Tremain considered this remark, drew her phaser, and cut a trench at the bottom of the cave wall. Spock made no comment about her willingness to follow his advice. The trench hissed and steam poured out of it as water touched the still-hot rock. Tremain knelt to observe the results of her handiwork. The rock gradually cooled, and moisture began collecting in the bottom of the six-decimeter-deep trench. Everything appeared satisfactory, so Tremain got slowly to her feet. "Well, we'll have water, if nothing else," she commented. "However, you're right about the elements; we may have more moisture in here than we'll know what to do with if it rains."
"I find the chances of rain a little unlikely," Spock said. "According to preliminary reports, it rains very seldom on this continent. When it does, the area is prone to what I believe are called 'flash floods.'"
"It would be fairly safe up here--we're quite a way above the floor of the notch."
Spock nodded, and turned his head in the direction of the cave mouth. "I hear something," he said. "I think it's coming from the base camp. I suggest, Dr. Tremain, that we return there as quickly as possible."
Tremain walked to the stone ledge in front of the cave. "What is it?" she asked. "I don't hear anything."
"Nor would you be likely to. The Vulcan ear is a great deal more sensitive than your own." Spock suddenly cocked his head, and an expression of dismay crossed his face. "Move quickly, I think there's trouble." Unceremoniously grabbing her by the arm, he began climbing down the path.
"What is it? What do you hear?" Tremain tried to shake herself free of his grasp; she found the physical contact distasteful.
"I'm not sure. But I'm afraid it may be Arachnians."
Tremain and Spock rounded a ledge of rock and could see the base camp--or what was left of the base camp. The area was overrun by the golden-yellow furred Arachnians. The six-legged creatures were larger than they had expected, standing about as high as a man's waist, and easily the length of a man. With sharp mandibles and clawed forearms, the creatures were ripping their way through the camp. Tremain and Spock began to climb hastily down toward the carnage below. They could not draw their phasers easily while climbing; they would have to reach lower ground first. They knew that attempting to fire and descend at the same time would be exceedingly dangerous.
Spock was the first one to reach an area with a clear view of the camp. Bodies, both Arachnian and human, littered the area. There was still some fighting going on in the vicinity of one of the inflatable tents. Someone--possibly more than one person--had taken shelter from the destruction. But the blue-white dome was surrounded by at least a dozen Arachnians, all of them slashing and ripping at the plasticized fabric. Spock began firing downward at them; Tremain joined him, her phaser ready and set on kill. The two of them swept the camp with phaser-fire, and Tremain destroyed several of the Arachnians; Spock had set his phaser only on stun.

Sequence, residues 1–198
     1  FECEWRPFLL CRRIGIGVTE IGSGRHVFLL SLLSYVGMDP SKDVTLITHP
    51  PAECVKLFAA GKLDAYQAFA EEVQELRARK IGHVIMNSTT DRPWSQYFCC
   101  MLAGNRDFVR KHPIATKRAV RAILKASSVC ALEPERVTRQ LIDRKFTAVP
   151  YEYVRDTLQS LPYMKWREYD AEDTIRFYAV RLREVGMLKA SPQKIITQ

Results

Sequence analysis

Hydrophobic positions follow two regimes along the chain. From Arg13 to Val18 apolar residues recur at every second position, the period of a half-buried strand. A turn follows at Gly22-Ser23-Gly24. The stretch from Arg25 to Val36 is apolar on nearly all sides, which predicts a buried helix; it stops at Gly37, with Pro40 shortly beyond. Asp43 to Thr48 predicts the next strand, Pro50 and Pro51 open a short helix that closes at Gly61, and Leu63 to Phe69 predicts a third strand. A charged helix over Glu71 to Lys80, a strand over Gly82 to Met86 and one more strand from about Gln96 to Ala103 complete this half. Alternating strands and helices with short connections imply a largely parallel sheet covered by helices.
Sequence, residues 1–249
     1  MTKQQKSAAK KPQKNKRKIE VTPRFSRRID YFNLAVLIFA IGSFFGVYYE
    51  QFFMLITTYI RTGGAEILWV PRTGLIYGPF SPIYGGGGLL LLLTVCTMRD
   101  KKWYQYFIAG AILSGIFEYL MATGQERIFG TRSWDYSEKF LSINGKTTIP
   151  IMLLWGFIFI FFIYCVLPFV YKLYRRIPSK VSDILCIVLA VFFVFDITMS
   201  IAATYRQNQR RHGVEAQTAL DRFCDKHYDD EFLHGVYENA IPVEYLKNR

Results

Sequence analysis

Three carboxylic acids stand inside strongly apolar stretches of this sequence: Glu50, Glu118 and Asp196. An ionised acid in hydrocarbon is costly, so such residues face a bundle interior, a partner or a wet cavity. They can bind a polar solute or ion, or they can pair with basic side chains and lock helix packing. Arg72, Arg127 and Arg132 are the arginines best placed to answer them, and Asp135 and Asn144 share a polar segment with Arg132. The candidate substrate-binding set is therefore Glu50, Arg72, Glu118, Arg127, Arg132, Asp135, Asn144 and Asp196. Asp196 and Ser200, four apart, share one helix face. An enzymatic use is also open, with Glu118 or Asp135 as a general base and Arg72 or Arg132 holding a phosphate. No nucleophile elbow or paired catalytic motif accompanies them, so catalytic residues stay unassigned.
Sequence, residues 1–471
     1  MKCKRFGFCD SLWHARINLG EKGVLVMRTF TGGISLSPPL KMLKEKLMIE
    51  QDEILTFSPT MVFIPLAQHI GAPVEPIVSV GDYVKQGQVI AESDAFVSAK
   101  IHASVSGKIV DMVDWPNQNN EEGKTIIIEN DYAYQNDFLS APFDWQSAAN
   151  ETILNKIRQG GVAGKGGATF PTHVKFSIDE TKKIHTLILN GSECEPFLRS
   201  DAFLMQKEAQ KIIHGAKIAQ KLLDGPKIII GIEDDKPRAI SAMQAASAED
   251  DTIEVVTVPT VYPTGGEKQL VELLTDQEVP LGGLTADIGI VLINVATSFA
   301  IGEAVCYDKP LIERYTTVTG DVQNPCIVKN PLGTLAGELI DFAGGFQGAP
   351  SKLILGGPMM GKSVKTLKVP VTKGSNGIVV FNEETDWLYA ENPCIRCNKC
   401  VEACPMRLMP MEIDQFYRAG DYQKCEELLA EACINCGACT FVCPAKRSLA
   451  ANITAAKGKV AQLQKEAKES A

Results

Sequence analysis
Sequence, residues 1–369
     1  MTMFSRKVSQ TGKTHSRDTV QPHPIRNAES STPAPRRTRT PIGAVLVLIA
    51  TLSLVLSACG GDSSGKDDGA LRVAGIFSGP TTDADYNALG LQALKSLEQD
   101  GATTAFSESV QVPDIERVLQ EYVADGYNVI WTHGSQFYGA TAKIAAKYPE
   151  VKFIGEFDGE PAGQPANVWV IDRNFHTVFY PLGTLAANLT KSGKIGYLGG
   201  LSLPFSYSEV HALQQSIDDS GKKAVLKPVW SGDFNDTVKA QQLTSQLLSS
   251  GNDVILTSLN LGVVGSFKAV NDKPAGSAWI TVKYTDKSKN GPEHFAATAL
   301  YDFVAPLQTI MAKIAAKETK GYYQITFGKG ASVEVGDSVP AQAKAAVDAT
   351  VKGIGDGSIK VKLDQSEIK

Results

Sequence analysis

Below them the creatures were suddenly shocked into motion away from the camp. They moved in an amazingly rapid but orderly progression toward an outcropping of rock which the first Arachnian pushed at, revealing an opening in the ground below. The warriors rapidly vanished into the ground, hastened by the blasts from the two phasers.
Once sure that the creatures were indeed gone, Tremain and Spock hurried toward the base camp. There was a strong smell of blood, and a strange honey-sweet odor from the stunned Arachnians. They found Fitzgerald, Ackroyd, Martin, Jeffreys, and four of the security guards dead, horribly mutilated, limbs torn off and great gaping wounds slashed in their flesh.
Inside the almost-demolished tent, they found Angela Mendoza and a security guard named Jeff Williams, both of them severely injured.
Tremain knelt beside the profusely bleeding woman. "Contact the ship, Mr. Spock," she called over her shoulder. "Quickly! I think Mendoza is dying."
Spock, kneeling by Williams, examined the man and quickly reached the conclusion that while his wounds were unpleasant, he was not in as much danger as Mendoza. Taking out his communicator, he flipped it open and requested an Enterprise channel. "Captain?" he said in a deceptively even voice. "I would advise that you beam us out of here immediately. We have two severely injured crewpeople, a number of men dead, and I would not care to wager anything on the possibility of the Arachnians staying out of the area very much longer. We are in danger here."
There was a long silence from the communicator, and then Kirk's voice. "We can't beam you up, Spock. We have a problem of our own. The Romulans have arrived."
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Book Description Bantam USA, 1978. Paperback. Book Condition: New. book. Bookseller Inventory # M0553121375
Book Description Bantam USA 1978-12-08, 1978. Paperback. Book Condition: New. 0553121375 We guarantee all of our items - customer service and satisfaction are our top priorities. Please allow 4 - 14 business days for Standard shipping, within the US. Bookseller Inventory # TM-0553121375
Book Description Bantam USA, 1978. Paperback. Book Condition: New. Never used!. Bookseller Inventory # P110553121375
Book Description Bantam USA. PAPERBACK. Book Condition: New. 0553121375 New Condition. Bookseller Inventory # NEW7.1150397